As a Hungarian political leader in 2007, Sebastian Gorka, President Trump’s chief counter-terrorism adviser, publicly supported a violent racist and anti-Semitic paramilitary militia that was later banned as a threat to minorities by multiple court rulings.
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In a video obtained by the Forward of an August 2007 television appearance by Gorka, the future White House senior aide explicitly affirms his party’s and his support for the black-vested Hungarian Guard (Magyar Gárda) — a group later condemned by the European Court of Human Rights for attempting to promote an “essentially racist” legal order.
Asked directly on the TV interview program if he supports the move by Jobbik, a far-right anti-Semitic party, to establish the militia, Gorka, appearing as a leader of his own newly formed party, replies immediately, “That is so.” The Guard, Gorka explains, is a response to “a big societal need.”
Hungary’s official military, he stressed, “is sick, and totally reflects the state of Hungarian society. This country cannot defend itself.”
As he speaks during the program, a banner headline reading “UDK Supports The Hungarian Guard” runs across the screen. The Hungarian acronym is a reference to Gorka’s own, party, known in English as the New Democratic Coalition.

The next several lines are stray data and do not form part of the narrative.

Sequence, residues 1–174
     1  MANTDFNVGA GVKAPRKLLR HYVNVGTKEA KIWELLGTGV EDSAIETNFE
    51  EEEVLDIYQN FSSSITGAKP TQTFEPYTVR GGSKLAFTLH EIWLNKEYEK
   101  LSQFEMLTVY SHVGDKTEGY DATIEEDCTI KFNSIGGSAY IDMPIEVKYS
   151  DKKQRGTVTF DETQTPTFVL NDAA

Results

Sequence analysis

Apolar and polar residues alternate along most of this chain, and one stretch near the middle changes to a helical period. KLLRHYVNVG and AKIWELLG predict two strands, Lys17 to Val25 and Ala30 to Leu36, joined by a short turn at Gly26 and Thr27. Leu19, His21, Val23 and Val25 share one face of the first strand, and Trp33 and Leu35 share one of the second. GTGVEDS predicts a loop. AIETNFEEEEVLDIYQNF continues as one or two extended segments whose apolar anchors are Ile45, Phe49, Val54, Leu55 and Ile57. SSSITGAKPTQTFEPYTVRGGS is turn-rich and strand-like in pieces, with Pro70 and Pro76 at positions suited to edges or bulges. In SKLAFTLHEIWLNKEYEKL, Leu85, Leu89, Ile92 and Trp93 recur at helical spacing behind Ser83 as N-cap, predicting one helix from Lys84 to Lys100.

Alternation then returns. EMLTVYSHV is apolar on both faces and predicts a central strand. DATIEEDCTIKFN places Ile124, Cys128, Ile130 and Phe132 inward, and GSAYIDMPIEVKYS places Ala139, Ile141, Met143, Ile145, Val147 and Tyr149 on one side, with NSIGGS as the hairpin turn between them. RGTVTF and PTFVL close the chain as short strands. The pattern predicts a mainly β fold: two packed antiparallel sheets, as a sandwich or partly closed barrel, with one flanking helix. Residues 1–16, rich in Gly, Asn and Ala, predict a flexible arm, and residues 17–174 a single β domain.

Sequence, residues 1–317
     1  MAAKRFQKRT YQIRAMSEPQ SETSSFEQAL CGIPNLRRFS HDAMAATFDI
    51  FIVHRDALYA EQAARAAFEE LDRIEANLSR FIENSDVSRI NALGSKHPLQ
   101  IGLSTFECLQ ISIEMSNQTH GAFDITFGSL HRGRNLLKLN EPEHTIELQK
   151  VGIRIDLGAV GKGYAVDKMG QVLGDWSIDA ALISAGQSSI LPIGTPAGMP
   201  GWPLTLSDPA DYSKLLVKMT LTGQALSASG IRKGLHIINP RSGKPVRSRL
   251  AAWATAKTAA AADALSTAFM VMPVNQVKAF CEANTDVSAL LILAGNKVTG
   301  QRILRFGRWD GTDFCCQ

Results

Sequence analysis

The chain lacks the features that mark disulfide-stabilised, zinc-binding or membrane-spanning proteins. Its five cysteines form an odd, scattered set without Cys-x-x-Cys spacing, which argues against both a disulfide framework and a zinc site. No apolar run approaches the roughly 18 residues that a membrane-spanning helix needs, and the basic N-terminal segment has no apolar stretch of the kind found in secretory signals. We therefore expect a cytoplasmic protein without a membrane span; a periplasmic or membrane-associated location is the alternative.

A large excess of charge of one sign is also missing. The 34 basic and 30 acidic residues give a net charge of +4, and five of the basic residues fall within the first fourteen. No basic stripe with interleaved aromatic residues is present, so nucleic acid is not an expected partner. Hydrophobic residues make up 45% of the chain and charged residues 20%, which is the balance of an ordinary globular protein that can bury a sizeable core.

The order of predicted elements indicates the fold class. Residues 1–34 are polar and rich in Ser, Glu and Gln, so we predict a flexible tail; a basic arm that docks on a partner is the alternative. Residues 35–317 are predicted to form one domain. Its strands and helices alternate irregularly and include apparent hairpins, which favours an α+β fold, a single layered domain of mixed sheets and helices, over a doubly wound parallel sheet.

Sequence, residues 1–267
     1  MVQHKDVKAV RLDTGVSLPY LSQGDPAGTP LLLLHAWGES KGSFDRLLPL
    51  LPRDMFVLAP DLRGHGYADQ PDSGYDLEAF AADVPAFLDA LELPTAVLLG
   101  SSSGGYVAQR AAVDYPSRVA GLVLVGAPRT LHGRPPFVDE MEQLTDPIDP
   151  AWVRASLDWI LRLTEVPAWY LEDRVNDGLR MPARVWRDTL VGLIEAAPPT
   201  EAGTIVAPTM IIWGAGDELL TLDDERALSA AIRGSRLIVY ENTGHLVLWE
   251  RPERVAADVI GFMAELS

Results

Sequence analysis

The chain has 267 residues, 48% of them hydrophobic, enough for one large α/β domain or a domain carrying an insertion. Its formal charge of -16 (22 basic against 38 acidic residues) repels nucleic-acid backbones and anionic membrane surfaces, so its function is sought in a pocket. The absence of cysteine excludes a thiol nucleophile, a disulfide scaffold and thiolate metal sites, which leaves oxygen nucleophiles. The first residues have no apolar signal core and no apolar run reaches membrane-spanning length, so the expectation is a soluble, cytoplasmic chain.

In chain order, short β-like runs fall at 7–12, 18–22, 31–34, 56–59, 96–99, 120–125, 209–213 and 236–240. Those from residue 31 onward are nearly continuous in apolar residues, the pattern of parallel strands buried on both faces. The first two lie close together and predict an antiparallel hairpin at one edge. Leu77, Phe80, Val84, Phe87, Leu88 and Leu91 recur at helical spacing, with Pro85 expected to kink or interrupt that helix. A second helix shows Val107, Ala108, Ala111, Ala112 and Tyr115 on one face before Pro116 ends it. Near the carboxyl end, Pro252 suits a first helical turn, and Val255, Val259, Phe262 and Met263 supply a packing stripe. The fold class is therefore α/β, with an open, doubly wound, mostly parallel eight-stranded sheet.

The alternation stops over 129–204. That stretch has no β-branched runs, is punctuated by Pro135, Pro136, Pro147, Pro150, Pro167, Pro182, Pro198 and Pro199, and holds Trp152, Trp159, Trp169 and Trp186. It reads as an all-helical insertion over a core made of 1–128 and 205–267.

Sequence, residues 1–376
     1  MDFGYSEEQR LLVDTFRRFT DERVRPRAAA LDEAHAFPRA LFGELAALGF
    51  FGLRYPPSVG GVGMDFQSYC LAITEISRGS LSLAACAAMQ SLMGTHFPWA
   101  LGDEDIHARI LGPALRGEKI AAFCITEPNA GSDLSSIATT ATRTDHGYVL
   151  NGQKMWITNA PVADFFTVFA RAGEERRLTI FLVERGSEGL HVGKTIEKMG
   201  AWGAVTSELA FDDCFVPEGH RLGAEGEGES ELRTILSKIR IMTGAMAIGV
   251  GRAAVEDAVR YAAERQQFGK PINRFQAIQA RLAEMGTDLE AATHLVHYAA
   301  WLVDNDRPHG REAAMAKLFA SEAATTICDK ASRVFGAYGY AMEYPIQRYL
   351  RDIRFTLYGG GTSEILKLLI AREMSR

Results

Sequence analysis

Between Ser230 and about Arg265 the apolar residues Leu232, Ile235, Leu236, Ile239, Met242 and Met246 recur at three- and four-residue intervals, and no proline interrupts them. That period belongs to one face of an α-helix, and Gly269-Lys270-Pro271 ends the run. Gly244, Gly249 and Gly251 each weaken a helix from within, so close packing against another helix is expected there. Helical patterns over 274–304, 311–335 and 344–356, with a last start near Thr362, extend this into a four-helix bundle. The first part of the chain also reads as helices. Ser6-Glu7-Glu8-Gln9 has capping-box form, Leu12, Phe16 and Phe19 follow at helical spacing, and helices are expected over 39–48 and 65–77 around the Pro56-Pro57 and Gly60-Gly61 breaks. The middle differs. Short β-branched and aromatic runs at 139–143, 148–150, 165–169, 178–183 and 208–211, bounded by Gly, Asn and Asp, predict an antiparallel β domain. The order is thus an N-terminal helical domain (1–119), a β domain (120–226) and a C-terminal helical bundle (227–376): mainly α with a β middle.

Both the interviewer and Gorka refer to the move to establish the paramilitary outfit as “the Fidesz-Jobbik initiative,” reflecting Gorka’s contention that Fidesz, a larger right-wing party, was quietly backing Jobbik in its effort.
Gorka’s affirmation of support for the far-right militia echoed statements his party posted on its website that same month, backing the Guard’s establishment and referring to it as “the Fidesz-Jobbik initiative,” an apparent attempt by Gorka and his party to somewhat distance themselves from the controversial militia at the same time. In one such statement, a party faction indicated its awareness of the Guard leaders’ extremism, declaring bluntly, “We support the establishment of the Hungarian Guard despite the personalities involved.” Another August statement spoke more generically of “a need for guards” in discussing the new militia’s establishment.